May 17, 2020

Global supply chain risk grows

John Glen
CIPS Economist
Chartered Institute of Procurement & Supply
Dun & Bradstreet
Lucy Dixon
4 min
Global supply chain risk grows
The risk in global supply chains is on the rise, according to the Chartered Institute of Procurement & Supply (CIPS) Risk Index. The figure is the h...

The risk in global supply chains is on the rise, according to the Chartered Institute of Procurement & Supply (CIPS) Risk Index. The figure is the highest since 2013 and has been driven by increases in supply chain risk in Western and Central Europe, Eastern Europe, the Middle East, Latin America and Sub-Saharan Africa.

The index is produced for CIPS by Dun & Bradstreet economists, who track the impact of economic and political developments on the stability of global supply chains. The upward trend in supply chain risk is in part driven by a disintegration of the political consensus over globalisation, with the World Trade Organisation reporting an average of 22 new trade restrictive measures a month in its latest report.

This trend is clearest in Western Europe, where risk rose to 2.63 in Q3 from 2.60 in the previous quarter. The uncertainty around the post-Brexit relationship between the UK and the European Union has had a negative impact on trade and business sentiment in the UK and across the region. In the UK, the resulting currency volatility is having an immediate effect on British businesses with suppliers starting to push up prices in reaction to the weaker British pound. A brief stand-off between Tesco and Unilever looks to be only the first of many challenging negotiations for British procurement teams.

Elections over the next 12 months are expected to see gains for populist parties with France’s National Front, Italy’s Five Star Movement, the Freedom Party in the Netherlands and the German Alternative for Germany all sceptical of European integration and hostile towards free trade. An agreement between Turkey and the EU to manage the flow of migrants from the Middle East has seen some temporary border controls within the common market repealed this quarter, reducing supply chain disruptions. However, with the military situation in Syria worsening and anti-immigration parties gaining momentum, European supply routes remain uncertain.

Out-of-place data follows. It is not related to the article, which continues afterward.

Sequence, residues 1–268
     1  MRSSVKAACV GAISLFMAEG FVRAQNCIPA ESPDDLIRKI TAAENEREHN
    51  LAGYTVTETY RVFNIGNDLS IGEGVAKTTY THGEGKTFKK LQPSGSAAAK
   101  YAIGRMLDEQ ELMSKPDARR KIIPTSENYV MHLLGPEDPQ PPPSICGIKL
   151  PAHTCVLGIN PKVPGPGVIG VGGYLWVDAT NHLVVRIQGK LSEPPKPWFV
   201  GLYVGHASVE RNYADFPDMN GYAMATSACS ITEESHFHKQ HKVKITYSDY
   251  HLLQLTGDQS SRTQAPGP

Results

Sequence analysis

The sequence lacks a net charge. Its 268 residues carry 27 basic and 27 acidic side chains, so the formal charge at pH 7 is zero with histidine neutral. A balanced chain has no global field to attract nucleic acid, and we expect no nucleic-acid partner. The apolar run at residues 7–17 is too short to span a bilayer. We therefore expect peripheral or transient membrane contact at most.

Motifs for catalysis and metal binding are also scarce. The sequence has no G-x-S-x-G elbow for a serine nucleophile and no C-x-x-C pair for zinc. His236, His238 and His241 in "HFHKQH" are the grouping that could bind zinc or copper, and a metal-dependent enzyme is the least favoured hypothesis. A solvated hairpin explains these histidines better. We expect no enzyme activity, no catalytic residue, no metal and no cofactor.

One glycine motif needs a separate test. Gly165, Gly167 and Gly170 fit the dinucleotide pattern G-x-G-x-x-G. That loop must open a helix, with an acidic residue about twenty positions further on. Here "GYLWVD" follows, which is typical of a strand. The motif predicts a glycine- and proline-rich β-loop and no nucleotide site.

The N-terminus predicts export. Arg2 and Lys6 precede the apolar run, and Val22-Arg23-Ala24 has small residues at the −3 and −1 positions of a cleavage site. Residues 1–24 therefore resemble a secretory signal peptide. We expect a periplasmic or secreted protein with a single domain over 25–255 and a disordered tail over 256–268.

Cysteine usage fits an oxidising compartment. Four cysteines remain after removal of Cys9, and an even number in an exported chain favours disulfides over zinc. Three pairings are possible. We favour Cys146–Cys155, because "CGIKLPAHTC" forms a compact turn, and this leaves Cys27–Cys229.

Supply chain risk in North America remains static at 2.101, but both Canada and the USA have seen trade agreements with the European Union stall this quarter. Regardless of the result of the US election, both Donald Trump and Hilary Clinton have expressed concern about the Transatlantic Trade and Investment Partnership (TTIP), while in Canada the Comprehensive Economic and Trade Agreement (CETA) has been derailed by a regional parliament in Belgium.

Persistently low commodity prices, are deepening the cash flow crisis for oil exporters in Eastern Europe and Central Asia, the Middle East, North Africa and Sub-Saharan Africa, damaging payment performance and heightening risks for supply chains which pass through. In Eastern Europe and Central Asia, risk has risen to 5.424 from 5.396, following a failed coup in Turkey which is likely to see an increase in interference with businesses. Supply chain risk has also deteriorated in the Middle East and North Africa from 4.406 in Q2 to 4.413 in Q3, where civil war has all but eliminated international supply chains in certain countries. Finally, Sub-Saharan Africa continues to have the world’s highest levels of supply chain risk, increasing further from 5.544 to 5.558 with Nigeria slipping into technical recession and South Africa narrowly avoiding one.